Mohammed, a Makkah native in his late fifties, has seen his city transform during his lifetime. “In the 1970s, we had no tall buildings, no skyscrapers. The skyline was one of minarets. The Grand Mosque was simpler and we had fewer visitors. Makkah was still ringed by mountains,” he says. “It’s a different city today, a city that is known globally and visited by millions. What you see around you is a reflection of that vision.”
Today’s Makkah is a metropolis, welcoming more than 20 million pilgrims every year. Situated an hour’s drive – 60km – from Jeddah on the Kingdom’s western coast, the holiest city in Islam has been transformed over the past 50 years.
Makkah has become, in effect, the most visible and powerful symbol of the Kingdom’s own transformation from a country that was one of the poorest in the world to a state that wields global influence.
“The House of Saud has long recognized the power and symbolism of Makkah and they have done their best to develop Makkah and project its grandness to the hundreds of millions of Muslims worldwide,” explains a Riyadh-based diplomat who asked not to be named. “The city is a symbol to billions of Muslims and it’s no surprise that the official title for the Saudi King is Custodian of the Two Holy Mosques. Makkah’s development is central to Saudi Arabia’s own image among Muslims.”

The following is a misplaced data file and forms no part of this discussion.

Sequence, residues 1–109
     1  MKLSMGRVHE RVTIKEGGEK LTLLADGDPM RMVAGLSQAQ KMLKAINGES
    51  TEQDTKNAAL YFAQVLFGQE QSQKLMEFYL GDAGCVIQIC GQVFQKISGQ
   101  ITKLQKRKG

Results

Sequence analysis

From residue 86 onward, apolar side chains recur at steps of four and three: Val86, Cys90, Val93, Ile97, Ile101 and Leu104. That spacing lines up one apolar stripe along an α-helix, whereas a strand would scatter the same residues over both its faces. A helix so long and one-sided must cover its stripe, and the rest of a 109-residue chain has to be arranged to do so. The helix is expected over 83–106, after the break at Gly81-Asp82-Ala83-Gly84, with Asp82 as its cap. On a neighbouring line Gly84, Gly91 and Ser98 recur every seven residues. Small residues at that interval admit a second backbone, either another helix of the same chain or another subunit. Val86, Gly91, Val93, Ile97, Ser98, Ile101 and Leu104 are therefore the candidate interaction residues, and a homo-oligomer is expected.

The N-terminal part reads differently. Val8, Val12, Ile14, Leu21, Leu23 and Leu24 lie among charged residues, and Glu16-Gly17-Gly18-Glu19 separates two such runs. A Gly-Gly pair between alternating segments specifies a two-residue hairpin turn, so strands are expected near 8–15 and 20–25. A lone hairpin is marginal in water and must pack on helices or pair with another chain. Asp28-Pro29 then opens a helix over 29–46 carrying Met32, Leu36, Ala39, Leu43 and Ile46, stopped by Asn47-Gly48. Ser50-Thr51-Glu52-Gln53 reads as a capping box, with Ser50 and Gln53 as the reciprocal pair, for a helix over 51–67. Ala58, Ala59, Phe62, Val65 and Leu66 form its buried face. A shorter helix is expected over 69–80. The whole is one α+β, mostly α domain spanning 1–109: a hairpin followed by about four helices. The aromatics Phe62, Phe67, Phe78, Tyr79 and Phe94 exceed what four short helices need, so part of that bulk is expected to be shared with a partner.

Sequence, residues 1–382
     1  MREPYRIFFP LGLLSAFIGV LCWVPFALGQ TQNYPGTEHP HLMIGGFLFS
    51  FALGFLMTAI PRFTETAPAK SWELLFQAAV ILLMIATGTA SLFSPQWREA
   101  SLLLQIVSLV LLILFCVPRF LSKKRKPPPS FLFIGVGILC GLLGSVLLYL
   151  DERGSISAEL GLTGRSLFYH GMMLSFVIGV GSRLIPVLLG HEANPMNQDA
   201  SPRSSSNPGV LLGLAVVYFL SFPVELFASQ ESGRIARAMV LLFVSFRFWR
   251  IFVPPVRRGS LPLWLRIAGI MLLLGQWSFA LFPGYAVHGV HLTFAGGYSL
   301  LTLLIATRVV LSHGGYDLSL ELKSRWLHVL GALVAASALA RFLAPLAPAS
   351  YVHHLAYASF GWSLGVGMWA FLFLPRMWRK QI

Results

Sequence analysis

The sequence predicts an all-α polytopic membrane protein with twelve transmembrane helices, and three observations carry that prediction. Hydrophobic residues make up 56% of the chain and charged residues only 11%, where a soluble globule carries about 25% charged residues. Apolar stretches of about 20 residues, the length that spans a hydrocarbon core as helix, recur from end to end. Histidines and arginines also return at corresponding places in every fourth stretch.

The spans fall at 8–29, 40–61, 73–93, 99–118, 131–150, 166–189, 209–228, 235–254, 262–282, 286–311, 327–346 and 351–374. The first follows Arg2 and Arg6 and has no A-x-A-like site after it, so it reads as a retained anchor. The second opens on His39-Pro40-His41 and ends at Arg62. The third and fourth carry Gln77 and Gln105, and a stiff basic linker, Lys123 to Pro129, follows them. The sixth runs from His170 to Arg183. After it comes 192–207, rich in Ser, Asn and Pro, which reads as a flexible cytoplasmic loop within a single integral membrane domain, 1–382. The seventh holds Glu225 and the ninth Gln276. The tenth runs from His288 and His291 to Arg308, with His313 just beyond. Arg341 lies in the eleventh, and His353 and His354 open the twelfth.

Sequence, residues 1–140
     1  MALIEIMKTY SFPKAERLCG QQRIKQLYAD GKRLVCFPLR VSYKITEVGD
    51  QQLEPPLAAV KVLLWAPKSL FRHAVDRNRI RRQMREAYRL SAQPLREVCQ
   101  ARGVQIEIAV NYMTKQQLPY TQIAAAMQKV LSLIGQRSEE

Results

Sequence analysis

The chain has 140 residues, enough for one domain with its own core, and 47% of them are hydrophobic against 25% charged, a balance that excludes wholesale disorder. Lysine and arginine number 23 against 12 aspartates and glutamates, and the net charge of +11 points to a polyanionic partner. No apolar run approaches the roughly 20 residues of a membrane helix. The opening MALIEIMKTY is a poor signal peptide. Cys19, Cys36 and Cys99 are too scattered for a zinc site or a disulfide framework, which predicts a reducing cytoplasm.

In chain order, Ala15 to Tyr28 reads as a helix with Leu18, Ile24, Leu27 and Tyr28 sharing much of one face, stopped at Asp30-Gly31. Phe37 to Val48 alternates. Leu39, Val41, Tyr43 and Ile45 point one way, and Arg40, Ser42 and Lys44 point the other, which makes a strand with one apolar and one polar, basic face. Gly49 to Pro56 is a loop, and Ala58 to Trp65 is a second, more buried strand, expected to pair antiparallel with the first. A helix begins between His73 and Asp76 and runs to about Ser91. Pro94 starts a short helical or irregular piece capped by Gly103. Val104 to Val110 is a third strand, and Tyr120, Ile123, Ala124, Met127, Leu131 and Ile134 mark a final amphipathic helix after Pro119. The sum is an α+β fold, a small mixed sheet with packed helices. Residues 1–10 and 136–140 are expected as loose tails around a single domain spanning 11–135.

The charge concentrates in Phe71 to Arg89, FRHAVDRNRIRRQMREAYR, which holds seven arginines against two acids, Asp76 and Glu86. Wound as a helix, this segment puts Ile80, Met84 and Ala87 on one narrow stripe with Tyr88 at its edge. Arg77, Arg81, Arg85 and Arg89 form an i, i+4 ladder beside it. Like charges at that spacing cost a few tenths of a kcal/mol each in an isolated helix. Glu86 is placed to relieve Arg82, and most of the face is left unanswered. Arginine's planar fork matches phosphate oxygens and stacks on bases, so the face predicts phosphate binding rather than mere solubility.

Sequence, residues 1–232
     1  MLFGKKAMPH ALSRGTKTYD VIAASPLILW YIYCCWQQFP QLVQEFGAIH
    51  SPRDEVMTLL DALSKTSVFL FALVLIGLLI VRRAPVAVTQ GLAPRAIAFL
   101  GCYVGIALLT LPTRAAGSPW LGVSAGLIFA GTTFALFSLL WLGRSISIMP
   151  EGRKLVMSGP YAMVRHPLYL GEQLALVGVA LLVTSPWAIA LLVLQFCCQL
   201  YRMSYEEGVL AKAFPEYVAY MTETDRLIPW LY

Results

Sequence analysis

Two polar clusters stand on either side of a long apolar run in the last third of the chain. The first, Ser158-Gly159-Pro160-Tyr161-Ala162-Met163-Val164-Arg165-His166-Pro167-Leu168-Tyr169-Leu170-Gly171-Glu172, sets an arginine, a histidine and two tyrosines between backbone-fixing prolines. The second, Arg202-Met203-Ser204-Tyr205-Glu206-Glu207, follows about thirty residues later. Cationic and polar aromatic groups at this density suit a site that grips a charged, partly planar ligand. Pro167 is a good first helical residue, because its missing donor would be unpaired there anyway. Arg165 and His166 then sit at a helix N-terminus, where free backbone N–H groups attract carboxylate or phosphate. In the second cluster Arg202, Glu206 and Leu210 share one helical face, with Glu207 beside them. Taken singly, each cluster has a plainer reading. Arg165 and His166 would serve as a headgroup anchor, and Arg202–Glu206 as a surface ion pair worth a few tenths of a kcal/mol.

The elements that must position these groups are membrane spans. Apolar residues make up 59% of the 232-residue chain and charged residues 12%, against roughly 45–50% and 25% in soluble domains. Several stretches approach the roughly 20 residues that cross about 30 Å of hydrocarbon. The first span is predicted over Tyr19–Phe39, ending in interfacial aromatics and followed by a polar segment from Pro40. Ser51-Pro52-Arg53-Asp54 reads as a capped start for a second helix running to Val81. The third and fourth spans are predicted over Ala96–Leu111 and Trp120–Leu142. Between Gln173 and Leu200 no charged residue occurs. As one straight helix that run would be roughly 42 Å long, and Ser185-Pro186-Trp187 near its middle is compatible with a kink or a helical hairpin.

As a must-visit destination for more than 1.7 billion Muslims – performing the Hajj is incumbent on all able-bodied Muslims – the Kingdom’s authorities have focused on developing the city’s center, at the heart of which is the Grand Mosque. Designed with the Kaabah, the House of God, at its center, the Grand Mosque has undergone numerous expansions since the 1955, when its capacity was 50,000 worshipers. Today, it can accommodate more than two million worshipers at any one time thanks to the third and current expansion, which will result in an additional 1.47 million meters of space being added to the complex.
To the masses of pilgrims who visit Makkah, everything about the Grand Mosque is breath-taking. Built at an estimated construction cost of $26.6 billion, the third expansion has increased the number of gates to 78.
The complex includes 21,000 toilets and places of ablution, as well as 680 escalators and 24 elevators. The Grand Mosque, the largest mosque in the world, truly inspires all those who lay their eyes on this immense structure.